A member of Keir Starmer’s shadow cabinet has resigned, in the latest round of internal ructions which have dominated the party conference.
Andy McDonald MP announced his resignation yesterday during the party’s conference in Brighton, in a statement which criticised Starmer for failing to honour pledges he made to the party membership.
Who is Andy McDonald?
The MP for Middlesbrough has been a member of Labour’s shadow cabinet team since January 2016, when he was appointed as Shadow Minister for Rail by Jeremy Corbyn.
McDonald was seen by many as the last member of the current shadow cabinet to have been a strong ally of Corbyn.
Starmer appointed him as Shadow Secretary of State for Employment Rights and Protections in April 2020.
Prior to becoming an MP in 2012, McDonald worked as a solicitor supporting serious injury claims made by members of the armed forces.
He was a founding member of the British Royal Legion’s Solicitors Group.
Why did he resign?
Announcing the decision on Twitter, McDonald said he resigned as he could not follow a request from the leader’s office to argue against a £15 minimum wage and statutory sick pay at the living wage rate.
“This is something I could not do,” Mr McDonald wrote.
“After many months of a pandemic when we made commitments to stand by key workers, I cannot now look those same workers in the eye and tell them they are not worth a wage that is enough to live on, or that they don’t deserve security when they are ill.”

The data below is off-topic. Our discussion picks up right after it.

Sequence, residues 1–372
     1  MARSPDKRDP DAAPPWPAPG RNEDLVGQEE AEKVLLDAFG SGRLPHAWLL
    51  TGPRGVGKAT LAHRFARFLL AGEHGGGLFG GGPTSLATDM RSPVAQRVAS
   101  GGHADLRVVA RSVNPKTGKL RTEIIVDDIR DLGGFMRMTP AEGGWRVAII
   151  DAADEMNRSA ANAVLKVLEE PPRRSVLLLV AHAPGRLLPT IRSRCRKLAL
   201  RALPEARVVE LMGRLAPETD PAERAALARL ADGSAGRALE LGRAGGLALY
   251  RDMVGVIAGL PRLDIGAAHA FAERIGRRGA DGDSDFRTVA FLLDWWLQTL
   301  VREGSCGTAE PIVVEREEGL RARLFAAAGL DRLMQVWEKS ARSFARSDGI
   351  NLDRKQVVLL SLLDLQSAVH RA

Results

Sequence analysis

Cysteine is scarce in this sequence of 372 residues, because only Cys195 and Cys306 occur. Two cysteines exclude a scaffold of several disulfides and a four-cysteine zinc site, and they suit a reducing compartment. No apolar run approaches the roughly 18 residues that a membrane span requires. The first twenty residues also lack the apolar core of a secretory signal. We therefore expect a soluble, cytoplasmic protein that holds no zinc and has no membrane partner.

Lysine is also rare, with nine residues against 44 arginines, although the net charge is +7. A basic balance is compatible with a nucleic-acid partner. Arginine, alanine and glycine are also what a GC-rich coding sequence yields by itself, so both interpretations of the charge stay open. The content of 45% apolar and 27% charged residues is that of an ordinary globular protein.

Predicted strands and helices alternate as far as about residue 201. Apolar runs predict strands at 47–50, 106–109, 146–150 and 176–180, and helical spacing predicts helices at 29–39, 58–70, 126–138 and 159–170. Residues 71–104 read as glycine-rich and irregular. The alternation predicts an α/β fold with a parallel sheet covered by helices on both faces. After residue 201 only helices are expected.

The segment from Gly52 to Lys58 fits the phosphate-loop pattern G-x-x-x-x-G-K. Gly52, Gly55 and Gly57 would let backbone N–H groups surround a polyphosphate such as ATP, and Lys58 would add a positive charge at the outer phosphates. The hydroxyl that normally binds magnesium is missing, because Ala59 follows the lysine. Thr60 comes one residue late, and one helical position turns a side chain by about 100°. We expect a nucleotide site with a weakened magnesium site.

He added: “I joined your frontbench team on the basis of the pledges that you made in the leadership campaign to bring about unity within the party and maintain our commitment to socialist policies.
“After 18 months of your leadership, our movement is more divided than ever and the pledges that you made to the membership are not being honoured. This is just the latest of many.”
Was the resignation staged?
Some within Labour have claimed that the move was coordinated to disrupt shadow chancellor Rachel Reeves’ policy announcement yesterday, as part of ongoing factional battles in the party.
Following his resignation over the £15 per hour minimum wage dispute, many people have highlighted Keir Starmer’s support for striking McDonalds workers and members of the British Food and Allied Workers Union (BFAWU) prior to taking over the leadership.
Many on the left of the party see Angela Rayner as the natural candidate to represent them in a leadership contest should one occur, but reports suggest Rayner was not on board with McDonald’s decision.
Reeves used her conference speech to announce major plans to spend £250 billion over eight years in the fight against climate change.
A Labour source told NationalWorld that Rayner was ‘angry’ with McDonald over his decision to resign, over fears it could damage her work on industrial policy.
What did Keir Starmer say?
Responding to the letter, Starmer released a statement which said: “I want to thank Andy for his service in the shadow cabinet.
“Labour’s comprehensive New Deal for Working People shows the scale of our ambition and where our priorities lie.
“My focus and that of the whole party is on winning the next general election so we can deliver for working people who need a Labour government.”